MINI-REVIEW: Dani Collins’s INNOCENT’S NINE-MONTH SCANDAL

Innocent's_9-Month_ScandalMy dear friend “Shallow Reader,” loves Dani Collins and that’s rec enough for me. After the intensity of Griffiths’s Stranger Diaries and especially its Victorian-gothic length, I was happy to read a snappy category romance. Snap it did, Ms Collins’s Innocent’s Nine-Month Scandal, with my favourite kind of HP heroine, kind, generous, plain-Jane, funny, and a deliciously broody hero, not too annoyingly domineering, but definitely in the strong, caretaker arena. 

Collins’s plot was HP-fare ludicrous. Rozalia Toth is in Budapest looking to find the mate to her grandmother’s earring, given to grammy, in troth, by her true-love during what may be (Collins doesn’t make this explicit) the uprising of ’56? Sadly, gram’s true-love succumbed in the riots and she travelled to America, pregnant and destitute, where she made a marriage-of-convenience with one Benedick Barsi. As grammy is now getting on, Rozalia wants to give her the chance to see the earrings as a pair. Many convoluted family connections are discussed between hero and heroine, but I admit I didn’t give them much attention. Plot isn’t why one reads an HP.

One of the earrings happens to be in the possession of brooding billionaire Hungarian hero, Viktor Rohan. Rozalia has made her way to his Budapest castle. Viktor is flinty-eyed suspicious of this American ingenue, but also potently, powerfully, and never-before-felt-this-attraction-to-a-woman overwhelmed with desire. Rozalia, a 24-year-old virgin, as our HP is wont to have, stands up to his broodiness and mistrust, but can’t resist his magnetic sexuality. They do the deed, forget the condom and—ta da—baby on the way and Viktor’s inelegant you’ll-have-to-marry-me-now proposal.

HPs are to romance what Nanaimo bars are to dessert: not too often, but when you have one, it hits the sweet-tooth spot. An HP stands only on how readily the reader immerses herself in its romance-uber-fantasy. It either draws you in and makes you happy with a jolt of romance-concentrate, or it spits you out with eye-rolling disdain. The key is in writing a combination of wit and pathos that only its greatest practitioners achieve (and not necessarily in every book): Lynne Graham, Sarah Morgan, Caitlin Crews, Kelly Hunter, Jennifer Hayward, Michelle Smart, the long-lost India Grey and Kate Hewitt, and now, Dani Collins. (I haven’t ventured into vintage HP territory, lest this post go on forever, but if you’re a fan, you know who they are.)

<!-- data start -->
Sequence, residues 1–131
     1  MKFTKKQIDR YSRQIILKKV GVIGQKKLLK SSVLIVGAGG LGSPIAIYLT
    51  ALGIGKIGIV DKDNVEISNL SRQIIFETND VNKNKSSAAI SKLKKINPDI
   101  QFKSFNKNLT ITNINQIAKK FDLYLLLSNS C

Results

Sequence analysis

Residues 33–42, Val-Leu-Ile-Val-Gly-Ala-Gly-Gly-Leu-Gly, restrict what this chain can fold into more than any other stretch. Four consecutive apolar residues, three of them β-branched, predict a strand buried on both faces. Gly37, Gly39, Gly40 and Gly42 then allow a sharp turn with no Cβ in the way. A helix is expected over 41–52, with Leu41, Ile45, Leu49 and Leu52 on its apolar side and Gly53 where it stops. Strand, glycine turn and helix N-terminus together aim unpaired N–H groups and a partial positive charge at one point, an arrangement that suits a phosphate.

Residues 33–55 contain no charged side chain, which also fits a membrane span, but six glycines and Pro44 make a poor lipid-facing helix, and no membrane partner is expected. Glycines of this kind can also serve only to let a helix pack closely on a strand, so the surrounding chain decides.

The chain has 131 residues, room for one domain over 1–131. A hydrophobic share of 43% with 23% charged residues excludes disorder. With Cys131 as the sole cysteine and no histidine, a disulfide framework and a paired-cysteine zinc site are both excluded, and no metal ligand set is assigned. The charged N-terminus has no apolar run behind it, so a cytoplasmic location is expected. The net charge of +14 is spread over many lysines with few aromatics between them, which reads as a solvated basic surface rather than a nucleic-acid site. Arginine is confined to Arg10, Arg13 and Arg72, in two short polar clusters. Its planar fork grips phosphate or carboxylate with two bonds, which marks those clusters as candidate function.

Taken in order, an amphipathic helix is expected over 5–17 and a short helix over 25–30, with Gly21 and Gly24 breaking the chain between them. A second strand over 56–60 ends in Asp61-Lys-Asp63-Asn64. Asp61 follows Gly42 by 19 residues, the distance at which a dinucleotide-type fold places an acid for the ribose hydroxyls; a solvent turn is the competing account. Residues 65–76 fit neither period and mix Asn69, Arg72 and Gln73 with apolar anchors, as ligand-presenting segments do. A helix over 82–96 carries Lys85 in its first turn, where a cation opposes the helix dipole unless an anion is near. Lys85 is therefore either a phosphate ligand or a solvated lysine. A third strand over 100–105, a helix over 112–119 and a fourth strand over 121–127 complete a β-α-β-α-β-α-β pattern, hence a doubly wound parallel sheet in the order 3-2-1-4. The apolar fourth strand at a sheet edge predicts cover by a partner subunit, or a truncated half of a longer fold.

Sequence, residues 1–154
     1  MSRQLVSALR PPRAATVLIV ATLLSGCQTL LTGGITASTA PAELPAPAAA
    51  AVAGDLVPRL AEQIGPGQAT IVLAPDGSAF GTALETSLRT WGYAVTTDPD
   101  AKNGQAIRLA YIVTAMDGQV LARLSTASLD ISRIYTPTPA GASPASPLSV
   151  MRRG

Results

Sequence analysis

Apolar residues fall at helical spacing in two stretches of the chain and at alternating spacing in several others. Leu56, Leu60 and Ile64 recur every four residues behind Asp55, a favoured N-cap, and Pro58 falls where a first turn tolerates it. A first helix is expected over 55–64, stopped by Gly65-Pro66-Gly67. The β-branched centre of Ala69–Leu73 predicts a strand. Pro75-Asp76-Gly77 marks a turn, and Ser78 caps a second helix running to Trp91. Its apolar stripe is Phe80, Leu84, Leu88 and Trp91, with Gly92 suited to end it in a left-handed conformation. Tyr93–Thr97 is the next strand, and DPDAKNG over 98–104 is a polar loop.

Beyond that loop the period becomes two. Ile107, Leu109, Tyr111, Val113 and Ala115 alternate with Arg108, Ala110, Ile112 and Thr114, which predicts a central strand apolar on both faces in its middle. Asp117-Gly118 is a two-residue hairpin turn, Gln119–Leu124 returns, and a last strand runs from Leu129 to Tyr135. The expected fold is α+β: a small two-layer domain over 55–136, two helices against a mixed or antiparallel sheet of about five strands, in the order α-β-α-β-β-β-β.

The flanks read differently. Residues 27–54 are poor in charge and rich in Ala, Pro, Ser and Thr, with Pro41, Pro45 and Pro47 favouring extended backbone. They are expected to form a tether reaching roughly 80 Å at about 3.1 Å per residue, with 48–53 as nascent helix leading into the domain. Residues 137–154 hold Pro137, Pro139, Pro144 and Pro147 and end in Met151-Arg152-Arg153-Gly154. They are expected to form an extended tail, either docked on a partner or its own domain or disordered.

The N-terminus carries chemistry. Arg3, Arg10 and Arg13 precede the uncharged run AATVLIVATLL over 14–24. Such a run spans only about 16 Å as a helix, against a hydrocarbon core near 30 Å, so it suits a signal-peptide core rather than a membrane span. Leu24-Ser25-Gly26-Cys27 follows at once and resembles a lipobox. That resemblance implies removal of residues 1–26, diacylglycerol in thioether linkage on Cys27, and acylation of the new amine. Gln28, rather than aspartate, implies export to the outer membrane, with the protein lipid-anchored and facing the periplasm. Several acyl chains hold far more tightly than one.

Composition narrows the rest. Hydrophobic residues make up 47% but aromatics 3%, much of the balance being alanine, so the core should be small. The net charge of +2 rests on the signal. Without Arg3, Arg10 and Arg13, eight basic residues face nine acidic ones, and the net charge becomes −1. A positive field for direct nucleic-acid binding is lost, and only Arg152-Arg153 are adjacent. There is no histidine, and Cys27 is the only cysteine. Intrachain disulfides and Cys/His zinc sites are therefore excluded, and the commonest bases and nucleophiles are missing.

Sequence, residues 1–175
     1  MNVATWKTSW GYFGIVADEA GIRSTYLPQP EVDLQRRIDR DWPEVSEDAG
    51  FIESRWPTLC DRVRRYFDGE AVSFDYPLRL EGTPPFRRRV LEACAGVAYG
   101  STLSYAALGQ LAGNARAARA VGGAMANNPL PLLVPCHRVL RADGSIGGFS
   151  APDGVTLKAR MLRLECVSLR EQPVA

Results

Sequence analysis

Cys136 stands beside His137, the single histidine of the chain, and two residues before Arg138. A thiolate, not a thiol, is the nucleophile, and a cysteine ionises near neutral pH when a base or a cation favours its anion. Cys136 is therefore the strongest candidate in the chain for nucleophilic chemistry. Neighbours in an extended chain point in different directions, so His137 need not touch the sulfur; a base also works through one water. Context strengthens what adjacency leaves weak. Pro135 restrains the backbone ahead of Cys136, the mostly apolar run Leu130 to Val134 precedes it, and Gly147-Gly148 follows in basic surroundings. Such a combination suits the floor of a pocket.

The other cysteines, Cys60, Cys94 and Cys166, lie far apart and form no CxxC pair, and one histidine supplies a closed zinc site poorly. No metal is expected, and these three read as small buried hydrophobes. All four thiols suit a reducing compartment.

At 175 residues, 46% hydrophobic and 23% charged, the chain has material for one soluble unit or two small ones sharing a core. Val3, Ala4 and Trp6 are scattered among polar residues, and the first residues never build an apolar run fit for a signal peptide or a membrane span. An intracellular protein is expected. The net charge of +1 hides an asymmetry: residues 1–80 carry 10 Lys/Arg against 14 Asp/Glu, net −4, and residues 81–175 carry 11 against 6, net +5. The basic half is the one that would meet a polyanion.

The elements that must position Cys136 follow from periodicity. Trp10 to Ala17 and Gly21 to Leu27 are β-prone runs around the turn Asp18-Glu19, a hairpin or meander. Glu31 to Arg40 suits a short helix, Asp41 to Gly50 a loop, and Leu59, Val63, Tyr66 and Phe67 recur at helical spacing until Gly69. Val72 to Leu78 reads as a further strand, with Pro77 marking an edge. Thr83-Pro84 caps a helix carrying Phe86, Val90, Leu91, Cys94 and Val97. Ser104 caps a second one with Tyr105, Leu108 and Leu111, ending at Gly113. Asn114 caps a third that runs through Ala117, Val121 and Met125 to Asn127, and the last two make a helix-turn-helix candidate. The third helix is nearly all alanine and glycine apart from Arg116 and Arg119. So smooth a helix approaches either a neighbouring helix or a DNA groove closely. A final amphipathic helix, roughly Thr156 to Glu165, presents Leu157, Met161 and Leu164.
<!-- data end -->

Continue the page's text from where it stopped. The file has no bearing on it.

Collins’s Innocent possesses a perfect balance of pathos and wit, the uber-fantasy of a hero too good-looking, too wealthy, too potent, and too protective to be believable; the reader is assured the heroine will never suffer for material, emotional, or sexual want. The heroine, on the other hand, is an ordinary gal made extraordinary by her personal qualities and ability to move the hero’s heart (and other bits). Viktor and Rosalia are engaging characters. Rozalia, a blend of pragmatism and romanticism, humour, ability to fend for herself and take a moral stance against the hero’s money and power, is adorable. Viktor, as I’ve noted in recent HP heroes, while secretly concerned about Rozalia and needy for her emotionally, doesn’t come across as too insufferably commanding. No matter how much he wants to take over, he respects Rozalia. 

Rozalia and Viktor are a rare breed in the HP because they are compatible. But Collins still has to give them a dark moment; this is where her romance falters. A lumbering old out-of-the-blue “thing” happens and Viktor turns cold and broody again. Heroine tears are shed, for Rozalia loves him. Viktor agonizes and frets till his road-to-Damascus realization of love for Rozalia comes about. Thank goodness it’s dispatched quickly. One final critique: not sure if it’ll work for other readers, but Collins’s love scenes are overblown (sorry, not sorry) fireworks, all mate-calling-to-mate ORNATE. They are baroque. On the other hand, I admired her unabashed embracing of purple prose. If it’s an HP, she owns it. With Miss Austen, we say Innocent’s Nine-Month Scandal offers “real comfort,” Emma.

Dani Collins’s Innocent’s Nine-Month Scandal is published by Harlequin Books. It releases today, March 19, and may be found at your preferred vendor. I received an e-ARC from Harlequin Books, via Netgalley.

8 thoughts on “MINI-REVIEW: Dani Collins’s INNOCENT’S NINE-MONTH SCANDAL

Leave a comment for Miss Bates ....

Fill in your details below or click an icon to log in:

WordPress.com Logo

You are commenting using your WordPress.com account. Log Out /  Change )

Google photo

You are commenting using your Google account. Log Out /  Change )

Twitter picture

You are commenting using your Twitter account. Log Out /  Change )

Facebook photo

You are commenting using your Facebook account. Log Out /  Change )

Connecting to %s